No matter what your spouse has done during your marriage, he is entitled to receive notice of the divorce action and to participate in the proceedings. Most states require that you give a copy of your divorce complaint or petition to your spouse, together with a summons and other court documents that set forth the time frame for him to file a response. You cannot proceed with your divorce until you have fulfilled your state's service requirements.
Options for service vary among states. One simple method allowed in many states is to hand or mail your spouse the divorce papers and ask him to sign and return a document acknowledging that he received them. Alternatively, you can serve the papers by a sheriff's deputy -- or, in some states, a third party -- who signs an affidavit swearing to the court that she handed the papers to your spouse and specifying where and when it was done. In some states you can also serve divorce papers by sending them via registered mail to your spouse.
Acknowledgment of Service
When you have a cooperative relationship with your spouse, it can be beneficial to ask him to accept service. You can make this request in person, by telephone or in writing. If you choose to mail the request, include all forms required by your jurisdiction, a letter asking him to sign the acknowledgment of service and a stamped envelope addressed to yourself for him to return the acknowledgment to you. Some states require the acknowledgment signature to be notarized; if this is the case in your state, you should mention it in your letter. It can be more effective to obtain verbal agreement from your spouse before sending the letter.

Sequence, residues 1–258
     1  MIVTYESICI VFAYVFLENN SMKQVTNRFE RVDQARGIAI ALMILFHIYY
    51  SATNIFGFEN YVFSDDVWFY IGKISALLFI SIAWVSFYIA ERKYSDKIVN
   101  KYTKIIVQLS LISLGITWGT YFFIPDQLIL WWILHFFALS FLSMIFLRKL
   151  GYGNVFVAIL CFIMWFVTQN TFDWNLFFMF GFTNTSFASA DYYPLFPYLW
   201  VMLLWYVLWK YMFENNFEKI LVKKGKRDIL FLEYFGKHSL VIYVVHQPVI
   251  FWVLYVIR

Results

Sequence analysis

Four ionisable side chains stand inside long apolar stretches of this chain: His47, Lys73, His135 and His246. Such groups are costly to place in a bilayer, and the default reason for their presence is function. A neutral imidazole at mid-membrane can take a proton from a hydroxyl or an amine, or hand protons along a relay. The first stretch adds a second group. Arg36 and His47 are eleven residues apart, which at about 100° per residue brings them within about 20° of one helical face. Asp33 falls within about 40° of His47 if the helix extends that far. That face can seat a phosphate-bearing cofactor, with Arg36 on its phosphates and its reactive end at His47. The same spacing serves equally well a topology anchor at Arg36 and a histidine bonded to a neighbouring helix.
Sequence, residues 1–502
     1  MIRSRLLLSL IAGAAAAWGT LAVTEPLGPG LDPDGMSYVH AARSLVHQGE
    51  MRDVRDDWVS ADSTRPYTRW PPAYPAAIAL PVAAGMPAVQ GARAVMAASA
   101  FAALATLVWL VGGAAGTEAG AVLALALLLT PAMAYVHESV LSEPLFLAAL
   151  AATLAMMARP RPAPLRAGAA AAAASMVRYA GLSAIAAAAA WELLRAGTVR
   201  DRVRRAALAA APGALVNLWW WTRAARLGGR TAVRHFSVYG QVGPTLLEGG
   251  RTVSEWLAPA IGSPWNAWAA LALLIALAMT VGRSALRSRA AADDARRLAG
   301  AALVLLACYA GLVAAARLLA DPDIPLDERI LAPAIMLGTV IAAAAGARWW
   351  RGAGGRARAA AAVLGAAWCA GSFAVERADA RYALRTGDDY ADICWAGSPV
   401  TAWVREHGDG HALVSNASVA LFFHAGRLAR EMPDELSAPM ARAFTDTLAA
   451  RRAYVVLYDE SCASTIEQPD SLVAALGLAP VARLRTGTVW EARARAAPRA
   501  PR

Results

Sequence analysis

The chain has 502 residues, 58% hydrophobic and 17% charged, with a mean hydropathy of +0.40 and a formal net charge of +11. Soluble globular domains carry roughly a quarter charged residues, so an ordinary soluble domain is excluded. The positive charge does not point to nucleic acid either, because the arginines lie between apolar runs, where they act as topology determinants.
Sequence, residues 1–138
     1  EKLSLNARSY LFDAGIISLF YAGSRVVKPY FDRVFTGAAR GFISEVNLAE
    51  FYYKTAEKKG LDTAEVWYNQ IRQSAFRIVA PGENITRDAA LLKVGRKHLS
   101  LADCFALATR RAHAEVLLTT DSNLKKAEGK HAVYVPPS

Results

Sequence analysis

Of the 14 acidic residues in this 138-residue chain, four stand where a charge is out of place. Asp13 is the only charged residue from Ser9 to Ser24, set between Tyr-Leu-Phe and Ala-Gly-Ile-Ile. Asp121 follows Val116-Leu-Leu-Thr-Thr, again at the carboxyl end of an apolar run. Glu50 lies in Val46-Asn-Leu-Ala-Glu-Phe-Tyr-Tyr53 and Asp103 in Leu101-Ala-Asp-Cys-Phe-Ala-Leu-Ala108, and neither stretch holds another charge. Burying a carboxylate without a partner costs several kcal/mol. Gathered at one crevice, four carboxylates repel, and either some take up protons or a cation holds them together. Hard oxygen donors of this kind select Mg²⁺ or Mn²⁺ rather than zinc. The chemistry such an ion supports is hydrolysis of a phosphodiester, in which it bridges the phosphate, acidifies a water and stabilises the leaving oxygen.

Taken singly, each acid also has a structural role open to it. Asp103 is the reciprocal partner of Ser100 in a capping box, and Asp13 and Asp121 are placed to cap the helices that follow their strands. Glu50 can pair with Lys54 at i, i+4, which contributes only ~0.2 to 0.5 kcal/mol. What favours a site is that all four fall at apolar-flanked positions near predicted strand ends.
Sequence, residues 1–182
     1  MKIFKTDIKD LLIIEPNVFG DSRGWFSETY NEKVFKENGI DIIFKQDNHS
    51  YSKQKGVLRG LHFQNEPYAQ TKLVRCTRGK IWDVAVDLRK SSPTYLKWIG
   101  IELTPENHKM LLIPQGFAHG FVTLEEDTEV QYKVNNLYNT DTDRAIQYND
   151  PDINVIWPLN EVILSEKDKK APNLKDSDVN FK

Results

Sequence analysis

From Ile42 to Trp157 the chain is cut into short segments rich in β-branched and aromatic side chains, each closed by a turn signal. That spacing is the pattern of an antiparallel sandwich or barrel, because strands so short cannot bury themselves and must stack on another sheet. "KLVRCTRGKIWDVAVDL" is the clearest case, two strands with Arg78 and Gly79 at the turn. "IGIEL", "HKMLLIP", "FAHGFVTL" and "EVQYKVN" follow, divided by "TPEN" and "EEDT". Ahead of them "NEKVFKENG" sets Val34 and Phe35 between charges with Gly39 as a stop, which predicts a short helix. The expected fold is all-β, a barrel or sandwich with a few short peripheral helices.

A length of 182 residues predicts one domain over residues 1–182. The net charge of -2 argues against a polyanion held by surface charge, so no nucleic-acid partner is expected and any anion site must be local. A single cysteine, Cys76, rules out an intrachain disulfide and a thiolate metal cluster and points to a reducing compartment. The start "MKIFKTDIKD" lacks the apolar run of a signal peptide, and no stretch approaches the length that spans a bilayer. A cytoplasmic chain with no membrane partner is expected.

Service by Mail
Even if your spouse refuses to sign the acknowledgment of service, you may be able to serve your spouse by registered mail, depending upon the laws of your state. In Michigan, for example, you can ask a third party to mail the divorce papers to your spouse by registered mail, return receipt requested. When the mail is delivered to your spouse, he must sign a card in order to accept the letter. If he does so, this card is returned to you, and the person who mailed the letter can file proof of service with the court. The procedure varies significantly among states. In Washington, for example, you need the court's permission to serve by mail and must send one copy by regular mail and a second by certified mail.